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Intersect your rail line and road line data using point as the output geometry type, then add the points to the network as cost barriers. See the second example on the help page.


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See this link for code (using GeographicLib) to compute the cross track distance to a geodesic. This does the ellipsoidal calculation and is accurate to 20 nanometers or so. Also look at "Calculation 2. Distance from a point to a line" on this site. This calculates the cross track path with Javascript and displays the result.


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If you need high accuracy distances, or "ground" distances, you need to convert your UTM "grid" distances (which you do indeed calculate via pythagorous) using a combined scale factor. This removes the distortion introduced by the combination of (a) reducing the horizontal distance at its elevated (above the ellipsoid) position on the earth and (b) ...


4

The best way I can think is to get two UTM points, convert them to Lat/Long, and compare their geodesic distances to their UTM pythagorean distance. E.g. Take a point from this example: The CN Tower is ... in UTM zone 17, and the grid position is 630084m east, 4833438m north. So if we take A (17n 630084 4833438) and move it 30 km east, we get B (17n ...


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If you need high-precision and robust geodesic measurements, use GeographicLib, which is natively written in several programming languages, including C++, Java, MATLAB, Python, etc. See C. F. F. Karney (2013) "Algorithms for geodesics" for a literary reference. Note that these algorithms are more robust and accurate than Vincenty's algorithm, for instance ...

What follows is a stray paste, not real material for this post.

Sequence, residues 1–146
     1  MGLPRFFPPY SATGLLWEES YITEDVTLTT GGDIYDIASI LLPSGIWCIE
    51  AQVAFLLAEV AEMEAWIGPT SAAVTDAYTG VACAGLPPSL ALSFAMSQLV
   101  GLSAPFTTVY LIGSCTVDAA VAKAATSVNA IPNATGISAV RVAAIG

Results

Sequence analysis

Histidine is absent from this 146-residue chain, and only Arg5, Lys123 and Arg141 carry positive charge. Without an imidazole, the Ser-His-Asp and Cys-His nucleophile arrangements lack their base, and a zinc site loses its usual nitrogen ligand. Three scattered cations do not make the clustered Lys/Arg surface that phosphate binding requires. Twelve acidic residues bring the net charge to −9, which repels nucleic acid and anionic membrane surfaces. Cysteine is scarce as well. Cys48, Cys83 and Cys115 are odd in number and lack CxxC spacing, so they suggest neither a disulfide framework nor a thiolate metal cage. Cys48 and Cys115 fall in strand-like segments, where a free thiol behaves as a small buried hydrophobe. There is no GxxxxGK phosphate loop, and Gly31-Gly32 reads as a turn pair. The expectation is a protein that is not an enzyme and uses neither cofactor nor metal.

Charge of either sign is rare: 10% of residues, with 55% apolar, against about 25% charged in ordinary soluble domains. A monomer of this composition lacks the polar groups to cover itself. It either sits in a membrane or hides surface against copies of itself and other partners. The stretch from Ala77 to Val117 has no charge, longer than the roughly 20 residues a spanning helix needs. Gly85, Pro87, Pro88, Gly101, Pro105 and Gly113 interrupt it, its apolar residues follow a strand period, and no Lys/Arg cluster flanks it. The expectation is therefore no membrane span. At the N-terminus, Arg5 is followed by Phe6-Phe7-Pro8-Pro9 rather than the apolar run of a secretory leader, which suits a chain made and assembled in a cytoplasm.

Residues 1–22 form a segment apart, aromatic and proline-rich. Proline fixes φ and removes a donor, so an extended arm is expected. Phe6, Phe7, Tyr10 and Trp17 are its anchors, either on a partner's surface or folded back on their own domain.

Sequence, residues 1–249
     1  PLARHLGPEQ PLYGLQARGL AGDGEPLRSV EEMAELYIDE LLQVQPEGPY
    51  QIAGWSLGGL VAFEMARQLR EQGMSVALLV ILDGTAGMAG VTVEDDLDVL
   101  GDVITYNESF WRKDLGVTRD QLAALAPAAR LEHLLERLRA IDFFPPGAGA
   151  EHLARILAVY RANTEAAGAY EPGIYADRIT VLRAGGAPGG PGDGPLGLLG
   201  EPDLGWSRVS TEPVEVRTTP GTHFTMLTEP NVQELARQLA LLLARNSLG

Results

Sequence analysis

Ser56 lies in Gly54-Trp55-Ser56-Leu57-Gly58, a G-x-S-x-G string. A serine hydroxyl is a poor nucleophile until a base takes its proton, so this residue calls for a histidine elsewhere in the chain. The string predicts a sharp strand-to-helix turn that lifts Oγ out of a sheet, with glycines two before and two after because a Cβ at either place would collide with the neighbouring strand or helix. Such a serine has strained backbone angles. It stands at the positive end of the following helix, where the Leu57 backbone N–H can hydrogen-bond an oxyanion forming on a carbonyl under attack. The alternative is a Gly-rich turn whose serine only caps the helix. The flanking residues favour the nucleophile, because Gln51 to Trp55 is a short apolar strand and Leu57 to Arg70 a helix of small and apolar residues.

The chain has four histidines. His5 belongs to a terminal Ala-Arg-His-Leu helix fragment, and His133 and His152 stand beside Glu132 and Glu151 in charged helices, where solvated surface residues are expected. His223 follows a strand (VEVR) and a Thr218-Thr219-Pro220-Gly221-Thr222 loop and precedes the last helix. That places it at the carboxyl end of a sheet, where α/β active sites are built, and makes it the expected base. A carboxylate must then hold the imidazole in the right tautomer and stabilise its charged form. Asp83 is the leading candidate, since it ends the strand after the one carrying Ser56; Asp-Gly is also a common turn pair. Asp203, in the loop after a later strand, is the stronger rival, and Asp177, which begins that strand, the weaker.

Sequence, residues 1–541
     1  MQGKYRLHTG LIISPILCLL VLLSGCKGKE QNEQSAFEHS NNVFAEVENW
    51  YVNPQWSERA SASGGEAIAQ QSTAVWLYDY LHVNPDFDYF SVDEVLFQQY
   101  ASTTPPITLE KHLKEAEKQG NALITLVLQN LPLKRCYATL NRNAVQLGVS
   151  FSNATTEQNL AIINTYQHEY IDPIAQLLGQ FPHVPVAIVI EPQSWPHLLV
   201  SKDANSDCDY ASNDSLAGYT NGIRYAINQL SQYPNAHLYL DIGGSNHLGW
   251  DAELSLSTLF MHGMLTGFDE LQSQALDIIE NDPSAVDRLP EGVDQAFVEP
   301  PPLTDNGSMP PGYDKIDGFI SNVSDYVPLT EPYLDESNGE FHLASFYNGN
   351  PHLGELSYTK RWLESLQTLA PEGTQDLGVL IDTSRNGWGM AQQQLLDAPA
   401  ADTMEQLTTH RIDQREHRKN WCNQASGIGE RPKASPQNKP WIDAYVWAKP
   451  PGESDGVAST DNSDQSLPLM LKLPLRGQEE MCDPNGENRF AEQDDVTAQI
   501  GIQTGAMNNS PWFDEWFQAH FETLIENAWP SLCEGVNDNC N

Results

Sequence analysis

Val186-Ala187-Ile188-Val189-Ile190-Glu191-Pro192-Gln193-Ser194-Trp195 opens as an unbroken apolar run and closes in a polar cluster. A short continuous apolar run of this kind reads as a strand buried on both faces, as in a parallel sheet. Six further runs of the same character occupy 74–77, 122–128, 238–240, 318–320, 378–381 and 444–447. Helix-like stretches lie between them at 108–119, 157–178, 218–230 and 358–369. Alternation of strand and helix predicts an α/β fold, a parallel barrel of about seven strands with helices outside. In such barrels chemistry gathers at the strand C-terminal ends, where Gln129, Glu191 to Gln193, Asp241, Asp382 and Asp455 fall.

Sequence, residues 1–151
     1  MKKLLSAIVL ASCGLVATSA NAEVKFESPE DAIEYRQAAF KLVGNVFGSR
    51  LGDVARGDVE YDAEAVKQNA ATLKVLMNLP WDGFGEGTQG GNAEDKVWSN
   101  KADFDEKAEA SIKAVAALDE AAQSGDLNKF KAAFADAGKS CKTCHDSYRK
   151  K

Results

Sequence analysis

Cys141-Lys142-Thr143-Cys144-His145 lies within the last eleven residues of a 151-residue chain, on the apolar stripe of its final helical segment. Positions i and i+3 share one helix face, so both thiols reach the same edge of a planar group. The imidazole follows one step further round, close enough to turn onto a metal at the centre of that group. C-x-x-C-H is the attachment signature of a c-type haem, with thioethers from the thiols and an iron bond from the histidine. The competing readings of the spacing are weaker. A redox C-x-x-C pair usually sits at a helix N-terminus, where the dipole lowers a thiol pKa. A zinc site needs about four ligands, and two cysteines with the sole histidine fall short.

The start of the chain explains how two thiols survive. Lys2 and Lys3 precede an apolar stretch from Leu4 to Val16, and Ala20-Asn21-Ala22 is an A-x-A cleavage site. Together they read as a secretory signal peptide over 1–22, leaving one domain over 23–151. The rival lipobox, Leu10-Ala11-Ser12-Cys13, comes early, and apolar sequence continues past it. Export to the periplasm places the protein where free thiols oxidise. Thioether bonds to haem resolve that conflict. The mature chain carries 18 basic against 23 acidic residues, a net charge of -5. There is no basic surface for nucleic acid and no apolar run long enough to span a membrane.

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You do not mention your license level, but if it is Advanced I would recommend trying the Point Distance (Analysis) tool which: Determines the distances from input point features to all points in the near features within a specified search radius. However, if you have a Basic or Standard license then it is possible to achieve the same functionality ...


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1) Try using the NEAR function in the toolbox 2) Try using a Spatial Join 3) Try using creating "Euclidean Distance" rasters from each origin and then bringing these values into the points. 1 or 2 is most likely your solution.


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I am the developer of FlowMapper plugin. Hope you find it useful. Regarding your question: FlowMapper offers two types of flow length caculations: (i) for cartesian coordinates (e.g. UTM x y) (ii) for geographic coordinates (e.g. WGS84 easting northing) User must properly choose either CARTESIAN or GEOGRAPHIC calculation depending on the type of ...


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I get the solution of the problem directly from the developer of the plugin, I'll post here the answer I get: FlowMapper offers two options for distance caculation: (i) cartesian coordinates (e.g. UTM x y) (ii) geographic coordinates (e.g. WGS84 easting northing) As far as I can see, you are using geographic coordinates (x-y). Please check ...